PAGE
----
intoHistory, geschiedenis beleven in authentieke logies
The essential charm of a property resides in its lush environment. And Marais Castle at the extreme west of Burgundy, is so rich in memories, treasures and flavours that it is just the place to chill out and indulge. It was precisely at the edge of the Nivernais (Nevers) and Berry (Bourges), two regions which have many times been the theatre of historical events, that this modest feudal stronghold was built. Although this old estate reflects the uncertain times of the Hundred Years War, the surrounding countryside exudes peace and serenity in one of the most prosperous valleys in France – inspirational, creative and gastronomically-indulgent all rolled into one …
A real old valley castle, surrounded by moats © Château du Marais
The Loire in Nevers © Nevers Tourisme
It was on the banks of the Loire, France’s longest river, that Marais Castle was built (on a site known as “Marisium”). The valley is fertile and productive thanks to the annual deposits of silt due to flooding. Located a few leagues away from Nevers and the confluent with the Allier, it is in a strategic position, particularly for the transportation of goods. Archives mention the existence of a Seigniory in Gimouille from 1335.
Louis de Nevers, Count of Flanders
At this time, the Count of Nevers, first name Louis, was also the Count of Flanders. A province torn between loyalty to the king of France and the wool trade with England, the source of its prosperity. When conflicting territorial claims came to the fore between the two kingdoms at the beginning of the 14th century, the Flemish towns decided to revolt again French aristocracy and turned to the king of England, Edward III, claimant to the French throne. The arrival of the English army in this key province was the first French setback in the Hundred Years War. The count was killed during the battle of Crecy, where so many gallant knights fell.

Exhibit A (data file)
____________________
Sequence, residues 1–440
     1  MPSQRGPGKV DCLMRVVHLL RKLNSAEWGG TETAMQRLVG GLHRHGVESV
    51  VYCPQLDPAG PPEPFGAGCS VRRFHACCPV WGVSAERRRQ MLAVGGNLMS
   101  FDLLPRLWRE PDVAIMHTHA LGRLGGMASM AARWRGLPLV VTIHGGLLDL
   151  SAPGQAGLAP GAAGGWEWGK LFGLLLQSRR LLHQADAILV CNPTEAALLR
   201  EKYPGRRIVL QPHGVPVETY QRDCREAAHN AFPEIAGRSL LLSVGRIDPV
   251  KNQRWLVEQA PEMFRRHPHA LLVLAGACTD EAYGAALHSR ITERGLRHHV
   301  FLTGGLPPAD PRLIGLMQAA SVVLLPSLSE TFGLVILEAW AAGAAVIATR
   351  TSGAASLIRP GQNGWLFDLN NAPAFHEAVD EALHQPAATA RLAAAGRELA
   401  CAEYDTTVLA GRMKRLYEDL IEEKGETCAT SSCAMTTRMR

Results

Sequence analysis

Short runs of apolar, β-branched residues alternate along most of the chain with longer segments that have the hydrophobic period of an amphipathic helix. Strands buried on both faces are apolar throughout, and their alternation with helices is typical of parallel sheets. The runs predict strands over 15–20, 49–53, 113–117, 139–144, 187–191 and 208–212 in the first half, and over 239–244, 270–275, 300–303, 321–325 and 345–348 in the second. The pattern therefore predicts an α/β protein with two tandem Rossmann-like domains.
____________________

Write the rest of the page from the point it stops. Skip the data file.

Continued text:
His son, Louis de Male, reiterated his oath to the French king, provoking the wrath of the English and precipitating the siege of Nevers in the 1350s. Affairs were only taken in hand after the wedding of the Count’s daughter Marguerite de Male to the Duke of Burgundy Philip the Bold, who chased the English troops out of the Nivernais (1369).
Although the conflicts between England and France subsided at the end of the 1360s, the area did not enjoy a period of peace: strong tensions arose in the various ruling factions. The people, exhausted, ransomed and decimated by the Black Death were utterly worn out. Demobilised mercenaries on both sides went on the rampage, in “free companies”, holding the entire region between the Seine and the Loire to ransom.
When the Marais castle was built in the 14th century, there were only loopholes and tiny narrow windows © Château du Marais
This feeling of insecurity probably led to the old Marais keep being rebuilt as a stronghold around 1370. Jehan de Bois Gibault, the domain’s first known lord, became an armed knight around 1400. He would ultimately go on to fight at the battle of Agincourt fifteen years later.
France in 1419, with the territories controlled by the English in red, those by the kingdom of Charles VII in blue and in mauve for the Duchy of Burgundy © Cyberprout
At the beginning of the 15th century, tensions as to who should rule the kingdom reached breaking point between the Duke of Burgundy, John the Fearless and the entourage of king Charles VI, which sought to sideline him from the royal council. A civil war broke out (Armagnacs against Burgundians), following the assassination of Louis of Orleans, the king’s brother. When John the Fearless was himself assassinated in 1419, Philip the Good, the new Duke of Burgundy decided to ally himself with the English. Nevers found itself, through no fault of its own, in the invaders’ camp. Its position was important as Bourges Castle, less than 60 km away, became in 1422 the capital of the kingdom of Charles VII, newly crowned at Rheims. The region, where several fiefdoms were held by mercenaries, suffered greatly through movements of troops. It was only when the Treaty of Arras was signed in 1435 that Burgundy reverted to France, heralding the end of the war. Unfortunately for the people of the Nivernais, the King of France and the Duke of Burgundy maintained a state of fierce rivalry for the following two generations on both sides of the Loire.